US supermarkets' loyalty participation rates

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By: Wise Marketer Staff |

Posted on May 7, 2008

Food retailers in the US are using technology in innovative ways to remain competitive, meet consumer demands, build customer loyalty, and become more efficient, according to a report from the Food Marketing Institute.

The institute's latest report, entitled 'Food Retailing Technology Benchmarks 2008', observed that frequent shopper programmes tend to result in greater customer loyalty and spending.

Loyalty scheme penetration
The study found that 48.8% of US retailers have a frequent shopper programme in place, and that an average of 90.0% of each retailer's customers participate in the programme.

The institute also found that identifying shopper needs and shopping trip habits can lead to greater customer satisfaction, greater basket sizes, and better category management. Among the supermarkets surveyed, 84.2% claimed a greater number of weekly store visits from loyalty programme participants, and 76.5% cited higher gross margins from shoppers that have frequent shopper cards.

Weekly shopping trips
Most grocery shoppers today have a choice of several food retailers and formats. However, North American consumers are making only 1.9 trips per week for their groceries (down from 2.1 trips per week in 2006). With fewer opportunities to interact with the shopper, retailers therefore need to maximise the opportunities afforded by each shopping trip.

Frequent shopper programmes are not only used to attract consumers, but the data provided by loyalty programmes can help the retailer to better meet customer needs. As a result, these programmes were found to improve the efficiency of store operations and provide a cost-effective way to customise product selection. Retailers maximize their selling space and save customers money through discounts when they are able to maintain an inventory that reflects the store's demographics.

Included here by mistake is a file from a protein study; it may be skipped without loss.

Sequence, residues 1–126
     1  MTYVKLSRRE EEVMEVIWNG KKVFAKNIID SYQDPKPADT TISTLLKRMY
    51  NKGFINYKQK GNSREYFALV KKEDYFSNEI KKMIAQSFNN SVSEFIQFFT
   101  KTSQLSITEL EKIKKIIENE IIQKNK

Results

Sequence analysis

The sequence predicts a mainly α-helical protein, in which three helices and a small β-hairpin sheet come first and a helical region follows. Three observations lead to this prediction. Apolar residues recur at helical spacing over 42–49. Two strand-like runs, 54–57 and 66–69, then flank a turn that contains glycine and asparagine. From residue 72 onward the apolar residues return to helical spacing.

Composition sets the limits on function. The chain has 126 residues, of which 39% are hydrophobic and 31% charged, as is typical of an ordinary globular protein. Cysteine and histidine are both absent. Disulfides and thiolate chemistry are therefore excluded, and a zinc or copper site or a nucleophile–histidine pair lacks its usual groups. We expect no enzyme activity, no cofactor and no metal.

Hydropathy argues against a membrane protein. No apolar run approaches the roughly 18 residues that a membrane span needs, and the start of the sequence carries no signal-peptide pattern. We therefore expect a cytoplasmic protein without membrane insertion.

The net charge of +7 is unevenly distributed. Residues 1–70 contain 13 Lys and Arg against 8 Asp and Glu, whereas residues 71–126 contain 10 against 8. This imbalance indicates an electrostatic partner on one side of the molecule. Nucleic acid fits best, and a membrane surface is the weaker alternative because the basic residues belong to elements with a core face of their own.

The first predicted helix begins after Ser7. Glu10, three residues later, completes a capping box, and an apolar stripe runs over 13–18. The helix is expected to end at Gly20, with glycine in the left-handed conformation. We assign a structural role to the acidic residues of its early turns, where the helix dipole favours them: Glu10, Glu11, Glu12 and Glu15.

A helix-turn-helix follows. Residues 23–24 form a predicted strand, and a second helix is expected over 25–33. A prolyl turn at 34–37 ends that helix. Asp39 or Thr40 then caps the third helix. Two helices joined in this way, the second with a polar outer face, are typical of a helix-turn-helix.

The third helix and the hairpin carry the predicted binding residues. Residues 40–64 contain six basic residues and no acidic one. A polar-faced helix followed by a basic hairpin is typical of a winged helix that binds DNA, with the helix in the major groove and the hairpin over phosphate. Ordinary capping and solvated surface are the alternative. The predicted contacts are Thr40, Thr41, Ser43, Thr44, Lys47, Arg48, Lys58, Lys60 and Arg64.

Top consumer benefits
In addition to product discounts offered through frequent shopper programmes, other benefits to the consumer may include:

  1. Automatic electronic coupon deductions (85.0%);
  2. Points toward store discounts on any product (55.0%);
  3. Donations to charities (40.0%);
  4. Points toward specific free products in store (40.0%).

The internet's role in retail
The internet is used by 93.0% of companies at the store level, including applications such as labour scheduling, time and attendance, loss prevention, employee communications, and staff training. Supermarket web sites are also being widely used to complement the consumer's shopping experience: in addition to providing store locations and weekly sales flyers, many provide additional information such special offers, career opportunities, menu planning ideas and recipes, gift card information, and general household and cooking tips.

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